Brian Ackley’s first feature is a beautifully crafted, superbly acted film that explores the symptoms, realities and emotions of a doomed but unstoppable relationship. Anyone who has ever fallen in love with “the wrong person” will savour this story seen through such a thoughtful and understanding eye.
Co-written with the protagonists (Chris Riquinha as single-filmmaker Ben, Meissa Hampton as newlywed-dog-walker Isabel—late of Paris, so intriguingly reminiscent of Isabelle in The Dreamers, cross-reference below), it is little wonder that the scenes work so well: every line—scripted or improvised—comes from the same artistic trust so buy-in from the actors is virtually guaranteed.
The opening third of the film is a masterpiece of shot making (Ryan Andrew Balas, camera operator). With just two on-screen, there’s the danger of visual boredom as the back-story unfolds. Ackley and his crew ably avoid any spec of tedium by framing every scene differently (from medium-shot pans in the restaurant while Ben plies his potential leading lady with questions to tighter, over-the-shoulder views when it’s Isabel’s turn to delve deep, then a framed-by-a-window, seen-through-the-glass tea shop sequence) and taking advantage of sound: present (with honestly rendered dialogue) or absent (the aural void being artfully filled thanks to Dayva Segal’s compositional skills). The only blemish is the follow-along street frames where the words could never have come from the captured lips.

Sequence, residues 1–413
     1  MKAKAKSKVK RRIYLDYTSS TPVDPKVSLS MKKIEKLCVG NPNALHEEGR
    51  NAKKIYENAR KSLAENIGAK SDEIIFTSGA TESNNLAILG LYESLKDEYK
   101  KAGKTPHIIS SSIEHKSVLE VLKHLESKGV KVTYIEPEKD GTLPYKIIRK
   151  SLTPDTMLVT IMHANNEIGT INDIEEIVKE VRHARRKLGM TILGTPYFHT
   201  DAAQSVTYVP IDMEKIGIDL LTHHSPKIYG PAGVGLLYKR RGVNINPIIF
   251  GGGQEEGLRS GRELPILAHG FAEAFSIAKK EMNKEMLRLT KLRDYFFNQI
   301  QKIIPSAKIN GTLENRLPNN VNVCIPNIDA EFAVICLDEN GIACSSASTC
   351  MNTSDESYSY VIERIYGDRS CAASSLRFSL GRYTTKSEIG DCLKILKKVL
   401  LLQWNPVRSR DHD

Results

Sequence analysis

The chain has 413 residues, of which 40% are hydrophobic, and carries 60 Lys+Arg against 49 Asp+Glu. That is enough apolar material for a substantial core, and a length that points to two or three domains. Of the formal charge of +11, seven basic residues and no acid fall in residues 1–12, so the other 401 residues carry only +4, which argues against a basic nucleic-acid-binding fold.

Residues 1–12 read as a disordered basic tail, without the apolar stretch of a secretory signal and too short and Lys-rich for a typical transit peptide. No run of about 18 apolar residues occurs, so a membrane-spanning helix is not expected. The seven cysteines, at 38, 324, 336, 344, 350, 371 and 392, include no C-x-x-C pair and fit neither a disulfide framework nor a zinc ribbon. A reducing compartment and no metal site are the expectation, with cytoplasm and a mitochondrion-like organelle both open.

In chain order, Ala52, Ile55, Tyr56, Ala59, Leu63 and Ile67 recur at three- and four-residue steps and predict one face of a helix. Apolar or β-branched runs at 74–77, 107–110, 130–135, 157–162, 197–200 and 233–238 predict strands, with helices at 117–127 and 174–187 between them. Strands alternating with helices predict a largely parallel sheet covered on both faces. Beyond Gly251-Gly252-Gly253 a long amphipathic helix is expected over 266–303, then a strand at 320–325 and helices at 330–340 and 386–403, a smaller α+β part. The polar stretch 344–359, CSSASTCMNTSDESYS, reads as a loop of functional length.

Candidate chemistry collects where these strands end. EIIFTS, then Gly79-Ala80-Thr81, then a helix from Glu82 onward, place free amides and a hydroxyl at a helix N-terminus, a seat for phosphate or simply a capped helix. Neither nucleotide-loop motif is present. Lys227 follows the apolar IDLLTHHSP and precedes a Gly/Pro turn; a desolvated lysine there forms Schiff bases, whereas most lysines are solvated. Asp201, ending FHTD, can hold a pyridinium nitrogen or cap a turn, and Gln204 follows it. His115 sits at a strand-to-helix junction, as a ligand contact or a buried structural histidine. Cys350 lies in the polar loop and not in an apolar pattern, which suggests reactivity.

Just when one wonders if the entire film will be left entirely to on-screen duets from the initially reluctant lovers, Ben’s roommate, Kasheem (Derek McAllister) bursts into the production with loud, funky charts but also an all-important persona to provide his buddy’s fears, thoughts and soliloquy with a sympathetic ear.
As actors, Riquinha and Hampton make an endearing couple who convincingly reveal themselves gradually (good and bad—Ben’s confession of a past adultery is a narrative tour de force, wordlessly matched by Isabel’s body language as it shifts from discomfort to admiration), creating one new question for every old that’s answered. When—inevitably—their largely innocent liaisons are discovered by the poker-playing husband, Morgan, the worst happens: husband and wife, after having their first real chat in months, opt to “work on things.”
Miraculously (but thanks again to the script and the stars) the litany of clichés that follow (e.g., “that’s a good thing … so that’s that—let’s be friends”) doesn’t produce been-there sighs or sarcastic guffaws. Both characters—from the charmingly awkward first encounter, which includes an attempt to balance a salt shaker and the extraordinary revelation that we “both like good music”—have established unshakeable credibility as they dig deep into a shared catalogue of knowing looks and slight bits of business (every apparently unconscious scratch or reconfiguring of long curly locks is not coincidental) and…subliminally…establish their common vulnerability. Merci mille fois!
One totally surprising revelation near the closing moments scores another narrative victory. Nothing finer, then, than to strike up the band (“Be What You Imagine” given an invigorating performance by Rosemary’s Garden) and go back into the real world, armed with the knowledge “just me and my choices” might get us through another day. JWR